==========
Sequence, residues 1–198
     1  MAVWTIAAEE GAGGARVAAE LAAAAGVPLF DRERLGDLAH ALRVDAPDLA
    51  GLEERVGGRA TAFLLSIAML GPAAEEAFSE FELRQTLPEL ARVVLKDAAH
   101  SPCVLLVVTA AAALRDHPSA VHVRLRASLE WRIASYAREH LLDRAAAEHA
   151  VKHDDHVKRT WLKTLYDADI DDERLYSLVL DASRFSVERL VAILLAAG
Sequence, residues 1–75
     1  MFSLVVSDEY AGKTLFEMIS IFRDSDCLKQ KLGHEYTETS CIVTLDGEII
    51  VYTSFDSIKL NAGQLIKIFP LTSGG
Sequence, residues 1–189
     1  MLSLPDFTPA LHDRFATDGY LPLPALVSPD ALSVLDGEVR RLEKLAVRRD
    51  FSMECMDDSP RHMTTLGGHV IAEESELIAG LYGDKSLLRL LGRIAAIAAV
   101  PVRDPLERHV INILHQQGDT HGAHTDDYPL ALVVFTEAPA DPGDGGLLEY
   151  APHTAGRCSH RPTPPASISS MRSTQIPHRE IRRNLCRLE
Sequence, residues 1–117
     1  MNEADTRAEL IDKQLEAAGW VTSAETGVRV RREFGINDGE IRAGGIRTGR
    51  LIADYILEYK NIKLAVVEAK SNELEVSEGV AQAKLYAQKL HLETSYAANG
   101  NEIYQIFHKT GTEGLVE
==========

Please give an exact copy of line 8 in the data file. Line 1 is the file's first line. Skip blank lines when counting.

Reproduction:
    51  VYTSFDSIKL NAGQLIKIFP LTSGG